Sarracenia: “American pitcher plants” these are not acceptable. They must have a cool-cold dormancy to survive or they will die of exhaustion. Also require very high light, full sun being ideal. A lot of species and hybrids will grow to big for most dart tanks anyway.

Utricularia: “bladderworts” terrestrial and “macro” species potentially can do quite well though you will not see any carnivorous action as it’s all subsurface; however they do have nice flowers. For terrestrial species try any you can get your hands on, U. livida and U. sandersonii are generally easy to find and ideal species to try. U. tricolor also excels. “macro Utrics” are sometimes called “epiphytic Utrics” though this is misleading as very few are truly epiphytic. I know of one dart frog keeper who has successfully raised U. humboldtii in bromeliad wells in the vivarium like the species is normally, but not always, found in nature though this is probably not a good practice if your frogs are raising tads in the broms. U. alpina is probably the easiest to find to try. It will probably do best in a mossy area with bright light. I grow it in some long fibered sphagnum that was placed on a branch close to the water so that the moss stays damp but not soaked. another plus is you can likely get ahold of species native to areas that darts are found. Stay away from aquatic species as these do trap and eat tadpoles in nature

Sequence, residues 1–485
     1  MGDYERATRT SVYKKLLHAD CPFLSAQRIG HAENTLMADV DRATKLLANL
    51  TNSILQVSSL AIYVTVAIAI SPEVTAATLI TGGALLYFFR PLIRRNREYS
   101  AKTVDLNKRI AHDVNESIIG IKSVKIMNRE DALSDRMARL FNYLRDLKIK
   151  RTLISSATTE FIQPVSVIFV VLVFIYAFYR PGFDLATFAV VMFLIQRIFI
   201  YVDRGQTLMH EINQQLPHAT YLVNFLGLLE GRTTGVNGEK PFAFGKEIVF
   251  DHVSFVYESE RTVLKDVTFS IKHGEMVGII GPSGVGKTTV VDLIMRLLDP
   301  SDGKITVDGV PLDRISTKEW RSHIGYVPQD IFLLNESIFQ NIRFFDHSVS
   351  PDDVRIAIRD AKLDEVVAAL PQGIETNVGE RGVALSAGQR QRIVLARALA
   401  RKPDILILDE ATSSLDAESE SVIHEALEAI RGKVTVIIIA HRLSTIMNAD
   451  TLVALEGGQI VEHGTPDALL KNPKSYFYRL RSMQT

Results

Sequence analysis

"Time flies like an arrow, fruit flies like a banana".
How bout some H. minor Akopan Tepui
This is a very interesting topic, it has been discussed for many years but i myself do not want to risk a frog to science. I do know that a few years ago i saw a video where dart frog tads were being raised in the water funnels of a carnivorous plant ( wish i could find the video ) . Some of the carnivorous plants are gorgeous and would look amazing in the tank but as i stated i will not risk it.
Tree frogs in pitchers? Yep.
I know a grower who has a bunch of pitchers with traps over an inch wide. They sometimes find dead anole lizards in there, and once they found a small mouse in one.